Tuesday 21 February 2017

The People V OJ Simpson: Where are they now?

Meadhbh McGrath

Published 19/04/2016 | 11:36

The People V OJ Simpson: American Crime Story
The People V OJ Simpson: American Crime Story
OJ Simpson
Marcia Clark
Attorney Robert Kardashian. AFP PHOTO (Photo credit Vince Bucci/AFP/Getty Images)
Defense attorney Robert Shapiro
Johnnie Cochran Jr.
Christopher Darden
Judge Lance Ito
Shawn Holley
Brian "Kato" Kaelin
Al Cowlings (L), friend of murder defendant O.J. Simpson who drove the white Ford Bronco during the slow-speed chase on Los Angeles freeways. John EMMONS/AFP/Getty Images
Mark Fuhrman
Kris Jenner
Faye Resnick
Fred Goldman, the father of murder victim Ron Goldman
Denise Brown, the sister of murder victim Nicole Brown Simpson

Last night saw the tension-filled finale of one of the year’s most gripping dramas, The People v. OJ Simpson: American Crime Story.

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Based on Jeffrey Toobin’s best-selling book The Run of His Life, the series chronicled the 1994-1995 trial of OJ Simpson, following the murder of his ex-wife Nicole Brown Simpson and her friend Ronald Goldman.

We take a look at the major players and where they are today:

OJ Simpson


After an eight-month trial, OJ was acquitted in the murders of Nicole Brown Simpson and Ron Goldman.

Since his acquittal, Simpson faced a number of legal troubles, culminating in an arrest in 2007 after he led a group of men into a room at the Las Vegas Palace Station Hotel to steal, at gunpoint, sports memorabilia he claimed was his.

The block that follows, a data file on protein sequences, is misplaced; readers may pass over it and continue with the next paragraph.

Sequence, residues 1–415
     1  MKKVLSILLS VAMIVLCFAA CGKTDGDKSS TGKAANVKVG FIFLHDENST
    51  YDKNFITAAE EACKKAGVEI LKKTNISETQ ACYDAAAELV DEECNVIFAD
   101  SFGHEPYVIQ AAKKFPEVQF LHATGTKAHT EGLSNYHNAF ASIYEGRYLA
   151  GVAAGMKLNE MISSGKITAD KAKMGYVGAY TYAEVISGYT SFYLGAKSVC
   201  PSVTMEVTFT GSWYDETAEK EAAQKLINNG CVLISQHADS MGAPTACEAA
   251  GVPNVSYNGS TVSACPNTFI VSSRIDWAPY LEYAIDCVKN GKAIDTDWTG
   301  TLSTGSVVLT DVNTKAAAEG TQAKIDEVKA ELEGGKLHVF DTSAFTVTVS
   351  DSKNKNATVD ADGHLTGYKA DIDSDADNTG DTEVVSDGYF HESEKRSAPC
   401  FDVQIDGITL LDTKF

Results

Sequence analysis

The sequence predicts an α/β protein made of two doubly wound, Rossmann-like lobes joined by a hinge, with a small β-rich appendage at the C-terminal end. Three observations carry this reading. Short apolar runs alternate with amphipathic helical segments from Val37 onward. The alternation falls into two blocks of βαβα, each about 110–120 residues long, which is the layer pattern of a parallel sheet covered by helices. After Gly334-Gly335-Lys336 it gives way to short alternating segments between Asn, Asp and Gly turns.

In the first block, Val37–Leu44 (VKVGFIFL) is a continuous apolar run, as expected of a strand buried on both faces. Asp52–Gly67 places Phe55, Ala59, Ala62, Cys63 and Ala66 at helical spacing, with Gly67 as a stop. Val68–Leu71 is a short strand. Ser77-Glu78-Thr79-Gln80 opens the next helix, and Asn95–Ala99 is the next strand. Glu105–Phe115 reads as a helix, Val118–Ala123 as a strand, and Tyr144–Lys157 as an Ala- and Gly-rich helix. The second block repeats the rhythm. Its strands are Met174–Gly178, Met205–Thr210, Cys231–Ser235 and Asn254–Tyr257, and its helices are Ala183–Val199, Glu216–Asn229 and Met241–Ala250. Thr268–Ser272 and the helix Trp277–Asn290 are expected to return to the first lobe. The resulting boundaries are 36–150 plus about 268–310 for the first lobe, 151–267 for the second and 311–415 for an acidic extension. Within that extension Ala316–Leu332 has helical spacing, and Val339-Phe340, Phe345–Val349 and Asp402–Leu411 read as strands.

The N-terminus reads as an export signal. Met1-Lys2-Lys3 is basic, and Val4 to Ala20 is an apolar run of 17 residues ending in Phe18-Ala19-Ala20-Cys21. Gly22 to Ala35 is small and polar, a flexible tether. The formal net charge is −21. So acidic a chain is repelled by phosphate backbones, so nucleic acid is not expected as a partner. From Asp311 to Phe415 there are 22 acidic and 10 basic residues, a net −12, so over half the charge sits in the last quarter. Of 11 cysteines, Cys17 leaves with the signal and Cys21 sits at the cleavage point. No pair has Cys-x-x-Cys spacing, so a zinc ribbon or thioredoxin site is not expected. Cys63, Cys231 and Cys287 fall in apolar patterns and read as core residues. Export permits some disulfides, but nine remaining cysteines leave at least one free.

He was convicted of kidnapping and armed robbery the following year and sentenced to up to 33 years in prison.

Now 68, Simpson is serving his time at Lovelock Correctional Centre in Nevada. He’ll be eligible for parole in October 2017.

Marcia Clark


Clark shot to fame as the head prosecutor during the trial and became a tabloid obsession when the National Enquirer published leaked topless photos of her and ridiculed her haircut.

Clark (now 62) was so exhausted by the furore surrounding the Simpson trial that she left the DA’s office just two years later and began writing books.

Her next novel, Blood Defence, will be published in May.

Robert Kardashian


The onetime lawyer’s name is now synonymous with reality television, thanks to the careers of his children Kourtney, Kim, Khloe and Rob.

He died of oesophageal cancer at the age of 59 in 2003.

Robert Shapiro


The lead counsel on Simpson’s team, Shapiro still works as a lawyer at age 73, though his primary focus is on civil litigation.

He also established the Brent Shapiro Foundation for Alcohol and Drug Awareness, in honour of a son who died from an overdose in 2005.

Shapiro is the co-founder of LegalZoom online service and the subscription-based retail site ShoeDazzle, of which Kim Kardashian is also a co-founder.

Johnnie Cochran


The trial catapulted Cochran to fame, and he continued practicing law, taking on a number of high-profile police brutality cases and defending celebrities including Sean “Puff Daddy” Combs, Michael Jackson, Snoop Dogg and Tupac Shakur.

Cochran died in 2005 from a brain tumour. He was 67.

Christopher Darden


Darden, 59, served as a prosecutor alongside Clark. He was greatly upset by Simpson’s acquittal, and chose to leave the District Attorney’s Office in 1995 to teach criminal law.